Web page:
Peace still eluding Sri Lankatext_fields
The communal violence spreading in Sri Lanka are further dimming the prospects of peace by healing the wounds left by the tragic suicide terrorist attacks on Easter day. The country is witnessing the spread of communal riots on the scale of the anti-Muslim communalism duirng March 2018sprearheaded by Buddhist extremists.
Despite the imposition of country-wide curfew, Simhalese Buddhist assailants killed a Muslim youth in northwestern province. Muslim mosques, houses and commercial establishments are being set on fire far and wide. The United Nations has expressed its concern about the spread of riots and asked the Sri Lankan government to take stern action. Initial assessments tell us that violent groups are using the Muslim-phobia and hatred generated with the Easter day terrorist attack as fuel for riots. Amnesty International has explained that the new riots are not born from nowhere, and the same groups who had led the riots in 2018 are behind the latest violence too. Amnesty has also released the evidence that the man who was arrested in Digana for having led the March 2018 riots, Amith Weerasinge, is the main accused this time too.
The trigger of the riots was the attacks against Muslim shops, by certain Christian groups, who were provoked by the fake propaganda in Facebook by a shop-keeper in the town of Chilou in north-western province. The violence that spread to Putalam district, was later taken up by extreme Buddhist groups, and carried to other areas too. With the revelation that social media was extensively used for the spread of hatred and calls for violence, the government slapped a ban on all social media. With thi, s the extent of riots was stopped from coming to the knowledge of the outside world. Police chief Chandana Vikramaratne is saying that severe action will be taken against attackers, and imprisonment of at leat ten years will be ensured for them. But there is a criticism that it is the police inaction and indirect support to the assailants that has been causing the spread of violence. And when rioters were arrested, it was the local MP Dayasiri Jayasekara who demanded that the arrested be released on bail. The nepotism of politicians of the riot-affected regions and their political interests are reinforcing the notion that Buddhist extremism is above law and its leadership is made up of those with political clout.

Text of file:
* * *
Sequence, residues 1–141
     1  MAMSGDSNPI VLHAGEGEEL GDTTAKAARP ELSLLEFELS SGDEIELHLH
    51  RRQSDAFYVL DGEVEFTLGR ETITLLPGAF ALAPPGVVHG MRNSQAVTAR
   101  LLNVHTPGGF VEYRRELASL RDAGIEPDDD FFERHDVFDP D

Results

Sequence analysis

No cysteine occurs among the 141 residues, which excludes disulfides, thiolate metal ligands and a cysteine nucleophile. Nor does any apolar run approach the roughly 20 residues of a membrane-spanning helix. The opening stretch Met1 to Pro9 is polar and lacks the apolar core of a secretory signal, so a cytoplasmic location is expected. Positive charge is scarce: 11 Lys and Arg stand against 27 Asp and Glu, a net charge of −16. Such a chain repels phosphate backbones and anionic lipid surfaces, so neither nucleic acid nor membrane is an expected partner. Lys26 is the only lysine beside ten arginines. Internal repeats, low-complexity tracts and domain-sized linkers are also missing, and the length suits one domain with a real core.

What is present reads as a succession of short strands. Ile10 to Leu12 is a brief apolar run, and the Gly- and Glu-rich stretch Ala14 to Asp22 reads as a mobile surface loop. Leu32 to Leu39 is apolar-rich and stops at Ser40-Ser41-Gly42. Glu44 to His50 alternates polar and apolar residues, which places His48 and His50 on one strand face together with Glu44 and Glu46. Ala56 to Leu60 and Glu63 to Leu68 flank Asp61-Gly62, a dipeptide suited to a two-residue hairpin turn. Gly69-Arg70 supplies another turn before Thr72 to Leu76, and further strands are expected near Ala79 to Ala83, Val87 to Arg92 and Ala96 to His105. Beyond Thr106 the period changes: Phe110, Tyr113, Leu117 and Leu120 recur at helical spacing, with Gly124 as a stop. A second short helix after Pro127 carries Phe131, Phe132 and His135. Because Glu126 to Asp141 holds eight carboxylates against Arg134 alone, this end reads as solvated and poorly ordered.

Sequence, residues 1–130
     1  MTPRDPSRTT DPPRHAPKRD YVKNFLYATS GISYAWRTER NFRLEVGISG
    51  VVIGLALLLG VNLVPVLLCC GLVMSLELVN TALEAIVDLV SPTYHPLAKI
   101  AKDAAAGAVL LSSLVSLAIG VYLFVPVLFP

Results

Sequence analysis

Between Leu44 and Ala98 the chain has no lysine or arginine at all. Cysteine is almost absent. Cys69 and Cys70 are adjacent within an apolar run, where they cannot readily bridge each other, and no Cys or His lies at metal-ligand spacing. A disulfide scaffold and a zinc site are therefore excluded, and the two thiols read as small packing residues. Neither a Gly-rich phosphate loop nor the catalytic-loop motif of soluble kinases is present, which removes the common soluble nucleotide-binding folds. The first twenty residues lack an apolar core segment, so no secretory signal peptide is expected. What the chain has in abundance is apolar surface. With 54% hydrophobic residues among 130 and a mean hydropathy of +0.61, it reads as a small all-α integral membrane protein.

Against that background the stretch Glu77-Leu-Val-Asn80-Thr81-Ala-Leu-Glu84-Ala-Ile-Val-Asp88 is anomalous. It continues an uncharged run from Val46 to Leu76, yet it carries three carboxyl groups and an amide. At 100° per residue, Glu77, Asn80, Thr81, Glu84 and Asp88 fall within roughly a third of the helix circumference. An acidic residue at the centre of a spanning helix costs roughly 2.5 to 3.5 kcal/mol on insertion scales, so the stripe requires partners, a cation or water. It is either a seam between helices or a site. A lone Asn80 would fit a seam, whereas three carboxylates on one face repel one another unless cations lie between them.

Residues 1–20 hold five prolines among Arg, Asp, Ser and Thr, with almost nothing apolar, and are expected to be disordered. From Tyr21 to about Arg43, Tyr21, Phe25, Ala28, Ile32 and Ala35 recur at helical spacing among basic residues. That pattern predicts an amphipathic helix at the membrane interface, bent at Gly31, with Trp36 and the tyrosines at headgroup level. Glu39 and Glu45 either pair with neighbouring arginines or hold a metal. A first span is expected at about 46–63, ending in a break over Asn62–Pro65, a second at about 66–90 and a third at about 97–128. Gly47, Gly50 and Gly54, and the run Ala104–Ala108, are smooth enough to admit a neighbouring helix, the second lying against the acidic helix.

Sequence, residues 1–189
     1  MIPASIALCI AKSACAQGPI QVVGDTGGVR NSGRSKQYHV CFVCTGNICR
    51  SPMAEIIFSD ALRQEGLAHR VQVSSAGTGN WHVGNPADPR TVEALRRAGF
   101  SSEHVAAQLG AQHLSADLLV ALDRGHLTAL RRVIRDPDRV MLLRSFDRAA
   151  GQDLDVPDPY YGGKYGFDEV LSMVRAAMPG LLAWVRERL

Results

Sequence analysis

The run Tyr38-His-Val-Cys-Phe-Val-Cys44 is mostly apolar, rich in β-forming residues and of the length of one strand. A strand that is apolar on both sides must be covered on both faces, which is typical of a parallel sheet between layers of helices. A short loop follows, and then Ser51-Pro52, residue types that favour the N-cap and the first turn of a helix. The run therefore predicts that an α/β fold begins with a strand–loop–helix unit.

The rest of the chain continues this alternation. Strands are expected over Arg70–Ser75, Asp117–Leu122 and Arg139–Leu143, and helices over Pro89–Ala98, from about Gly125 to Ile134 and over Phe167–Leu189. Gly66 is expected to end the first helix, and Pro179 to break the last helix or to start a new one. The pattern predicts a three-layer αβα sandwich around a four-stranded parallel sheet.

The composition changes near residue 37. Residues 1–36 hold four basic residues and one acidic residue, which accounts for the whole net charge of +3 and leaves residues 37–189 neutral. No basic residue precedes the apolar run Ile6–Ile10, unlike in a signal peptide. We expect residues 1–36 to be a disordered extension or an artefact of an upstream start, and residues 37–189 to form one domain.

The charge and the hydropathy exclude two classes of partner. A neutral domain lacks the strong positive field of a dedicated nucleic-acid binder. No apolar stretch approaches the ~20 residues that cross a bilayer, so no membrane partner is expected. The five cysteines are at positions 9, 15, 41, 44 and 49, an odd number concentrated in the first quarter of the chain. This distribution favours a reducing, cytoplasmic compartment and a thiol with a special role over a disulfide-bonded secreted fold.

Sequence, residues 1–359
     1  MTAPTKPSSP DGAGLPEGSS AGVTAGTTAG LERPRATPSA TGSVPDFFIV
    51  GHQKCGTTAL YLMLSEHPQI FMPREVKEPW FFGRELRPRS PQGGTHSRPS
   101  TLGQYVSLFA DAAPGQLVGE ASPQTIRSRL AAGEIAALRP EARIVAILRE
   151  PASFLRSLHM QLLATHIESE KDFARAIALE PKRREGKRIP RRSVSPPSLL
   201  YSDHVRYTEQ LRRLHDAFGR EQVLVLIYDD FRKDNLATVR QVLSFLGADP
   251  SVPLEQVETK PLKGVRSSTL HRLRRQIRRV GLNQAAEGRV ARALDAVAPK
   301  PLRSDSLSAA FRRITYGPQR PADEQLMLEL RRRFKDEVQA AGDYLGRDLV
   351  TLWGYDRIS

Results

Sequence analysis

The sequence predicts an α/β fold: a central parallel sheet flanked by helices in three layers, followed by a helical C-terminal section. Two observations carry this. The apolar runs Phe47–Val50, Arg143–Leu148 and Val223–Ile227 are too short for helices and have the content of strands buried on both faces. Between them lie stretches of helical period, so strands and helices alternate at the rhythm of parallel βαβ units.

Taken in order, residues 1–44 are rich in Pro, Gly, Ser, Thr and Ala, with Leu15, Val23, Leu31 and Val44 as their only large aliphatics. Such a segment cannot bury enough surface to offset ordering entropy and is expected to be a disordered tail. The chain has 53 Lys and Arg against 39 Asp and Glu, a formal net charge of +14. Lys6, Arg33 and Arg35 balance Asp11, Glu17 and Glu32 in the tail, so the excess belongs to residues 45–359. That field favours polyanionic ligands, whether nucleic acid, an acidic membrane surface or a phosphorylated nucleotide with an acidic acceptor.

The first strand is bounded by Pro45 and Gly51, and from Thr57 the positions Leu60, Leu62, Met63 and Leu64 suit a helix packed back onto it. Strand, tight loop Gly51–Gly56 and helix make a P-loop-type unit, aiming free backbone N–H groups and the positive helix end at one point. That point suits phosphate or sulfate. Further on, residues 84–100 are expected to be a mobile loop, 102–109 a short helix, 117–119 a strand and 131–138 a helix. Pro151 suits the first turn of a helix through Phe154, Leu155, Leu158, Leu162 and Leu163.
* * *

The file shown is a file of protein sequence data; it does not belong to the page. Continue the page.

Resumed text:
The attack on churches is an unpardonable act of terrorism. But it targeting of Muslim mosques is not treated as a similar act of extremism, the racial divide that has happened in Sri Lanka will remain an unsolvable crisis, and Lanka will become an island of turmoil flowing with blood, once again after ten years.
One has to look for the internal political reasons too behind the extremist communal violence that has been spreading in Sri Lanka in recent times. If the disclosures made by Sri Lankan minister Rajitha Senaratne the other day at a press conference are factually correct, what Sri Lanka faces now is a destructive offshoot of the unholy nexus between terrorism and the government. Both the Muslim extremist body National Towhid Jama'at and the radical Buddhist group Bodu Bala Sena, were funded, and their activities controlled by intelligence agencices in Sri Lanka. He also alleges that the godfather of Islamic extremism in Sri Lanka was the then defence secretary Gotabaya Rajpaksa. Rajitha Sinaratne who relates the details of the use of radical outfits of both religious communities by Rajpaksa government, is of the opinion that the recent presidential overthrow, terrorist attacks and racial riots were all politically motivated.
The communal polarisation and the racial divide gaining strength in Sri Lanka are certain to vitiate the peaceful atmosphere of Asia-Pacific region. It has to be recalled that the extension of racial extermination of Rohingya to Sri Lanka took roots at a rapid pace. And their impact is getting reflected in Indonesia, Malaysia and India. Thus, Sri Lanka gives a lesson that the extremism growing in the region can be wiped out only by challenging them religiously and politically and through objective re-assessments. How sad that it is three religious streams that preach peace which are becoming tools of extremism and power-mongering!